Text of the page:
INTUNE: Report All Devices That Are Non-Compliant Because They Are Inactive

First published on TECHNET on Feb 23, 2019

It's me Anil Abraham again with a quick blog. These days my job involves walking into customers and talking about modern device management and shift from the traditional management methods to the new ways. Obviously, Intune plays a big part in modern device management.

More often these days, I get asked the question of how about reporting and the flexibility we had with SCCM in terms of capability that came with SSRS that let us create custom reports.

Customer Query:-

The other day one of the customers asked me a question, report all devices in Intune that are reported as non-compliant because they have not reported back to Intune in the last 30 days. 30 days because in Intune that is the default setting for a device to be marked non – compliant if it hasn't checked in.

Microsoft Graph is your answer. For those that are new to Microsoft Graph start @

The data that Intune exposes, be it inventory data, policy or apps, they are all exposed via Microsoft Graph.

For people familiar with Graph and Intune, the query that gives the result is
deviceComplianceSettingStates?$filter=state eq ‘nonCompliant'

For people who are new to this…

Sign into Graph Explorer ( ) using an account that has delegated permissions to read the properties and classes that you are after. More details @

For a quick view of the data that is held within Intune and exposed via Graph, an example of all the enrolled devices is as below.

Getting there…

I started looking at the API for Intune @…

From the request, I know, I am after a specific device compliance setting, so first step is to find all the device compliance policy settings, which I found was listed @…

From the above I could identify the query to be run in Graph Explorer as

This gives me a list of settings that are part of compliance policies as below in the graph explorer.

Going through the list I could identify the value that I was after as below.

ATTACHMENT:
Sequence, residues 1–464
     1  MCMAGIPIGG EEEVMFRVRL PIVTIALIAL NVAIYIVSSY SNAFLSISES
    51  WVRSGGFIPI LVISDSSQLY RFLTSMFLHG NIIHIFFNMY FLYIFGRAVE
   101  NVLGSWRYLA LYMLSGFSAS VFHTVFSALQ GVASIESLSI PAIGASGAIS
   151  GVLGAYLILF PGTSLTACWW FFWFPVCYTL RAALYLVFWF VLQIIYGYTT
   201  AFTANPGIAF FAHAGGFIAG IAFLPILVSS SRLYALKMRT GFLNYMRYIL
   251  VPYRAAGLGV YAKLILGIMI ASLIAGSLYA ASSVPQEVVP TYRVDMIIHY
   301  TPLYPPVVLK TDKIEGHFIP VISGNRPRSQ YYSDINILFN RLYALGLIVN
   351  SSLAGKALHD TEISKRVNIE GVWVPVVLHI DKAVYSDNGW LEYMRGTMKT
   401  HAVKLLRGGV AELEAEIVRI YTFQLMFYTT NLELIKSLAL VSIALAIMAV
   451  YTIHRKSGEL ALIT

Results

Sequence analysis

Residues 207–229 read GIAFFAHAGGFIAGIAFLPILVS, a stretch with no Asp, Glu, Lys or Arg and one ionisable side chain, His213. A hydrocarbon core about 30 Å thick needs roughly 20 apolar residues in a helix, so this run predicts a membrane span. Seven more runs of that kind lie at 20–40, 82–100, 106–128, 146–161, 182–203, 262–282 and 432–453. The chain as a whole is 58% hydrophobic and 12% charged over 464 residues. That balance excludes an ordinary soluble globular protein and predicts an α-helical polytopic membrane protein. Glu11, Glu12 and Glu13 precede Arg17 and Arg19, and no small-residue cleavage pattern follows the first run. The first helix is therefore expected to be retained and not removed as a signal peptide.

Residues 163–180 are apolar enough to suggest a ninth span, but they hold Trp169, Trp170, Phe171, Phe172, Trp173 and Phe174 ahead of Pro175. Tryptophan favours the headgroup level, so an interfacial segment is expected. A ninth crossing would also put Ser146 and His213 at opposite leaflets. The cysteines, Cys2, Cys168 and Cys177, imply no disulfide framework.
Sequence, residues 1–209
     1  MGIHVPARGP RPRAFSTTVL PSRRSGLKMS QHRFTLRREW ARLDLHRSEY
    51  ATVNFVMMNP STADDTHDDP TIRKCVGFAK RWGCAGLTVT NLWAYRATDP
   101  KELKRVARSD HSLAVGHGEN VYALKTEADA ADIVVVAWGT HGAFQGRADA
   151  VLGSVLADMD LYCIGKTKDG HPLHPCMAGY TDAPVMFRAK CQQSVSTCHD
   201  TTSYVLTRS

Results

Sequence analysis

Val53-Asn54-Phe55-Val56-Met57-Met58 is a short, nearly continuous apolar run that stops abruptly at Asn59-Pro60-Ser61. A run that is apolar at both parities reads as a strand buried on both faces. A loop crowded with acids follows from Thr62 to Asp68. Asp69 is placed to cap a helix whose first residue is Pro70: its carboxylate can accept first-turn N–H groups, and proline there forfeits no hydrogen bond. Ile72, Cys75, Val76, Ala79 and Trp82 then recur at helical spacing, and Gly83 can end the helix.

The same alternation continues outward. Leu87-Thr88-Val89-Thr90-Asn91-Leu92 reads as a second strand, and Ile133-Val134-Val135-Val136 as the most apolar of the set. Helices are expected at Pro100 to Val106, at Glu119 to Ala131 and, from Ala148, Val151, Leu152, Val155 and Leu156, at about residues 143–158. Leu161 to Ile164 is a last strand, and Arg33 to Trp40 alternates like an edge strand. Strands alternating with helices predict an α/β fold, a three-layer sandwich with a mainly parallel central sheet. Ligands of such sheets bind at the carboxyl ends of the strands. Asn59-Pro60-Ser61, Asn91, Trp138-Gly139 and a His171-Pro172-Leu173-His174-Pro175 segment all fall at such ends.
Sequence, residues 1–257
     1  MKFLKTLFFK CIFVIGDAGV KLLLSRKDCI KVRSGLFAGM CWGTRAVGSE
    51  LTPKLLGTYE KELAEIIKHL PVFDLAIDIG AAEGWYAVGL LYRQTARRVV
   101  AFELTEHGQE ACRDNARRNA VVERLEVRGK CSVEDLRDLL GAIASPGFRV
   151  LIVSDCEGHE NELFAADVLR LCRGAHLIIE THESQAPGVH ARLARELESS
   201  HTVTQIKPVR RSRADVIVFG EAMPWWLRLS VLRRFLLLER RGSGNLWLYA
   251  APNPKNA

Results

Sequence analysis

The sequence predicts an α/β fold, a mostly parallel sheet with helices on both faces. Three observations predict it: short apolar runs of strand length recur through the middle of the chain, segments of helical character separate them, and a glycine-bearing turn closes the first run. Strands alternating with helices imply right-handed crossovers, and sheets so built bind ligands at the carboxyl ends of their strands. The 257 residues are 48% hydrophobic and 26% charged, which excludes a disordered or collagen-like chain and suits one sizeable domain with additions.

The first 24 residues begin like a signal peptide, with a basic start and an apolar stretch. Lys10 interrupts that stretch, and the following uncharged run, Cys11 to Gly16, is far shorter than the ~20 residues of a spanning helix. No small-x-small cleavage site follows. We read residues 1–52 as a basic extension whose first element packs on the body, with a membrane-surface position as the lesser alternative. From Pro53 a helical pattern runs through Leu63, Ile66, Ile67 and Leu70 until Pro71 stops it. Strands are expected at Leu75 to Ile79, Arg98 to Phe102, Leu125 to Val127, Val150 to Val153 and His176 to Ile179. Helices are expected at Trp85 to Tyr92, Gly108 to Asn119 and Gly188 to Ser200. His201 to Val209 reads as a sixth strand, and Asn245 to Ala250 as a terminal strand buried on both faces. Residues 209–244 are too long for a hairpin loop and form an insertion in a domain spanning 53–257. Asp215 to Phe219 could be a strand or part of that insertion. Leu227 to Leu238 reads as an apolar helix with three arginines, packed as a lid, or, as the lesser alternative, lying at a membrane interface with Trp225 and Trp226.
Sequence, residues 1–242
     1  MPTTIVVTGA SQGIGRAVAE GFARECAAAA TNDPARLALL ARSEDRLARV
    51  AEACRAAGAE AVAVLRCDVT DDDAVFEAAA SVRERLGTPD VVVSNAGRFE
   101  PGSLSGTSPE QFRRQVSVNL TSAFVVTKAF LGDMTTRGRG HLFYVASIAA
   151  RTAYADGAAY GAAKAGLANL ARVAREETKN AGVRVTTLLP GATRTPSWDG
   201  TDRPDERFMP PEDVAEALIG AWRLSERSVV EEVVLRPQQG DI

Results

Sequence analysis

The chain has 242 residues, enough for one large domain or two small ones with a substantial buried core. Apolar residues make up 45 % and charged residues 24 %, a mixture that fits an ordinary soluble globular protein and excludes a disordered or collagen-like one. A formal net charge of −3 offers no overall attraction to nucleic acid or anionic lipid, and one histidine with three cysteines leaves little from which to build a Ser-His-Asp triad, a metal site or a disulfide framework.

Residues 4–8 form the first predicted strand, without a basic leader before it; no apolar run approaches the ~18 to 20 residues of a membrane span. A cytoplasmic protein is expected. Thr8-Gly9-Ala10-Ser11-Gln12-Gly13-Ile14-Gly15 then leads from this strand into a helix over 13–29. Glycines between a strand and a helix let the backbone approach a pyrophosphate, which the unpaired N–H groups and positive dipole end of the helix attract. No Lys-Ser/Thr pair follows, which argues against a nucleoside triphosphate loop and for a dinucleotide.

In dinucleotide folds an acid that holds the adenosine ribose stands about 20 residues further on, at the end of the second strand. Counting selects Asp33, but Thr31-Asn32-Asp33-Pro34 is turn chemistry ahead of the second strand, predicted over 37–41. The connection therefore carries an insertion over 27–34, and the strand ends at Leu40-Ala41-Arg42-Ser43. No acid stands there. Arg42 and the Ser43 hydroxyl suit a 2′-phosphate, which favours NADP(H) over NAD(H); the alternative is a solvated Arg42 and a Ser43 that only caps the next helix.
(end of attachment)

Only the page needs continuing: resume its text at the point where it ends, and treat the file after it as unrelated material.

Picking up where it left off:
I hear you ask, what is so much about it as there is this list you could Export from the Intune Web console. A sample from test tenant is below. The intention of this blog is to give an overview of the Graph and access to data within.

As you can see the numbers from the graph explorer matches what you see for the “Is Active” setting. You also have the option to export the report at this level. You could drill down further in the Intune Report as below.

There is an export option here too and you could get the data into Excel but it gives you all the devices, both compliant and non-compliant and then you should filter in Excel to get the data that you are after.

Let's look at do all this in Graph Explorer. From the previous exercise in Graph Explorer we know the ID of the setting that we are after is DefaultDeviceCompliancePolicy.RequireRemainContact.

Further constructing the query to report only on the above said setting and devices to show only that compliance setting value, I built the query as below

Result is as below

The result shows all the 12 devices in my test tenant and the compliance state for each of those devices against the DefaultDeviceCompliancePolicy.RequireRemainContact setting.

Sample data for a device that is non-compliant is as below.

As you can see the value that we are after is the value of the property “state”. So, with that knowledge building the query to show only the devices that are non-compliant for that setting would be… eq ‘nonCompliant'

In action the result would look like below.

The result is the 9 devices that are non-compliant because they have not contacted Intune for the last 30 days.

But, I can hear you say, Anil I want to report all this programmatically and reporting through Graph Explorer is not an option in an enterprise. If there is enough interest and I can find some time I will put a Part 2 to show how we could automate all this.

Hope you find this helpful….


This article was originally published by Microsoft's Core Infrastructure and Security Blog. You can find the original article here.